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Simple Eosinophilic Pneumonia


Simple eosinophilic pneumonia is caused by lung inflammation. Eosinophils are white blood cells that help your body fight disease such as a parasite infection. When you have simple eosinophilic pneumonia, the eosinophils collect in your lungs and irritate your lung tissues. This makes your lungs inflamed and swollen. Simple eosinophilic pneumonia is also called Loffler syndrome or pulmonary eosinophilia.

The Lungs


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  • Steroids may be given to decrease lung inflammation.
  • Antiparasitics may be given to help kill parasites if they caused your simple eosinophilic pneumonia.
  • Acetaminophen and ibuprofen decrease fever and pain.


  • Blood tests may be used to find the cause of your symptoms.
  • A chest x-ray or CT scan may show signs of infection. You may be given contrast liquid before the scan. Tell the healthcare provider if you have ever had an allergic reaction to contrast liquid.
  • Pulse oximetry measures the amount of oxygen in your blood.
  • A mucus sample may be tested to find the cause of your symptoms.
  • A bronchoscopy is a procedure to look inside your airway and find the cause of your pneumonia. A bronchoscope (thin tube with a light) is inserted into your mouth and moved down your throat to your airway. You may be given medicine to numb your throat and help you relax during the procedure. Tissue and fluid may be collected from your airway or lungs to be tested.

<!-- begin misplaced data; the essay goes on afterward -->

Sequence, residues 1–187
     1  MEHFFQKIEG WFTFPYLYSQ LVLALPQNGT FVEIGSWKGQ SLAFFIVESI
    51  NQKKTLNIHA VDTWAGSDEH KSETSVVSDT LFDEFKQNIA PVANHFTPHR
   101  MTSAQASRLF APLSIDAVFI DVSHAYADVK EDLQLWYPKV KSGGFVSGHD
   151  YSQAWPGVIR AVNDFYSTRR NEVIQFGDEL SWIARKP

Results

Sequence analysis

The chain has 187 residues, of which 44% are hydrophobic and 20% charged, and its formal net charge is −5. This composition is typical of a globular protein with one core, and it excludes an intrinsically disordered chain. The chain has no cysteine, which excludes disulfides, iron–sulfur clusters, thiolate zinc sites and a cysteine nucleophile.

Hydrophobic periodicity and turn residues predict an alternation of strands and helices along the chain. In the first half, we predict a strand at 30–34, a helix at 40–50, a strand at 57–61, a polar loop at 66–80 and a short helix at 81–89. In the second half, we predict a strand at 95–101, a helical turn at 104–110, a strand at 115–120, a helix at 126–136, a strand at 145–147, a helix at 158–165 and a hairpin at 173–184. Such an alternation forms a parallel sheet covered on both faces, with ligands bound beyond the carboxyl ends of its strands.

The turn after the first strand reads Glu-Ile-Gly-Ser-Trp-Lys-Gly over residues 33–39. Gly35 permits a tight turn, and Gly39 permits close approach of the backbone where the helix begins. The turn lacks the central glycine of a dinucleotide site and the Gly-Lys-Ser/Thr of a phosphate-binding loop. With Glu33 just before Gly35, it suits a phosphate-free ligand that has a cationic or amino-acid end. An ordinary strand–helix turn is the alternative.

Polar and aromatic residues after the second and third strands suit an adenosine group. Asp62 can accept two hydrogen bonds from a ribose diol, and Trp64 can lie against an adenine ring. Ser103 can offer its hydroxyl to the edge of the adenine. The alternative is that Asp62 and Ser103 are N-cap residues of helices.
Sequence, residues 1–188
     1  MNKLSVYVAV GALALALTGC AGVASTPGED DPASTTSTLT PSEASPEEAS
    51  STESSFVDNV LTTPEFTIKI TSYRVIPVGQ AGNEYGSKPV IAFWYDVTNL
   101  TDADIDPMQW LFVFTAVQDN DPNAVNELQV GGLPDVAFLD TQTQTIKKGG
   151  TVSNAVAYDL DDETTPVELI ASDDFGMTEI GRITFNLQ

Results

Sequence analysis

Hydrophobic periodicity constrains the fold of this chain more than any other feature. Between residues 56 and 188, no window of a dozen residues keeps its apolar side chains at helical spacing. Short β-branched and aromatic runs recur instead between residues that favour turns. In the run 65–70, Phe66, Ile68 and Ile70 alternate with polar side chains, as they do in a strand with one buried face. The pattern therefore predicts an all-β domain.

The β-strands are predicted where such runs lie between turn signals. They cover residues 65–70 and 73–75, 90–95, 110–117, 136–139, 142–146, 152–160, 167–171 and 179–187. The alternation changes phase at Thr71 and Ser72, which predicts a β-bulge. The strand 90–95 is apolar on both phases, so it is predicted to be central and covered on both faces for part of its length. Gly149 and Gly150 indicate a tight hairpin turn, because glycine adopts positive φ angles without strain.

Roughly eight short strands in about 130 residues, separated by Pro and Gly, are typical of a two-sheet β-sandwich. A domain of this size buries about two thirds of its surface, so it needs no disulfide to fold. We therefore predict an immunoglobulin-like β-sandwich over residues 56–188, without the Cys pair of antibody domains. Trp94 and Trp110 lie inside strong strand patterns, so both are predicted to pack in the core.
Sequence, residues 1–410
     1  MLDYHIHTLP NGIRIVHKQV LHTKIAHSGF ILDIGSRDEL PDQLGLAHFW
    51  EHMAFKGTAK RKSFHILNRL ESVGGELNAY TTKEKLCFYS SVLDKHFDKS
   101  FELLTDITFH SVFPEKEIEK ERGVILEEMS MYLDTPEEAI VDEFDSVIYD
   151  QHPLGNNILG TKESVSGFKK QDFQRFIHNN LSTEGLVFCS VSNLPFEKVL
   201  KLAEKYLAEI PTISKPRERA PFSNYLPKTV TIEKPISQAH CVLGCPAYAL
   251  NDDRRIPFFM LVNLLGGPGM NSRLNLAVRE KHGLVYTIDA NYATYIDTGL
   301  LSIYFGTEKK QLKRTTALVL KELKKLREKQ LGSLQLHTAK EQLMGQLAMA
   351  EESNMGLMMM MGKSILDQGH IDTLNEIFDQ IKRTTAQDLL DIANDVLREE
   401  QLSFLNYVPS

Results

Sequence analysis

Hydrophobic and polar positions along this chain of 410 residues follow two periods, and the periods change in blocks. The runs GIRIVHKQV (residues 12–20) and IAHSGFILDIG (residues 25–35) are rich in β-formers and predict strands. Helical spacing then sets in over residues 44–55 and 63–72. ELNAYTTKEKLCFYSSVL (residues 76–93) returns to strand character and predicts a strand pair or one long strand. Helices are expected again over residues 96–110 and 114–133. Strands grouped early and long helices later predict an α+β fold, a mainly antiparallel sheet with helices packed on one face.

• Airway clearance techniques are exercises to help remove mucus so you can breathe more easily. Your healthcare provider will show you how to do the exercises. These exercises may be used along with machines or devices to help decrease your symptoms.
  • Respiratory support is given to help you breathe. You may receive oxygen to increase the level of oxygen in your blood. You may also need a machine to help you breathe.


Simple eosinophilic pneumonia increases your risk for breathing problems. Extra fluid may collect in the space around your lungs. You may not be able to get enough oxygen if your lungs are inflamed or damaged. Low oxygen levels can damage other organs, such as your kidneys, heart, and brain.


You have the right to help plan your care. Learn about your health condition and how it may be treated. Discuss treatment options with your healthcare providers to decide what care you want to receive. You always have the right to refuse treatment.

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The above information is an educational aid only. It is not intended as medical advice for individual conditions or treatments. Talk to your doctor, nurse or pharmacist before following any medical regimen to see if it is safe and effective for you.

Learn more about Simple Eosinophilic Pneumonia (Inpatient Care)

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Further information

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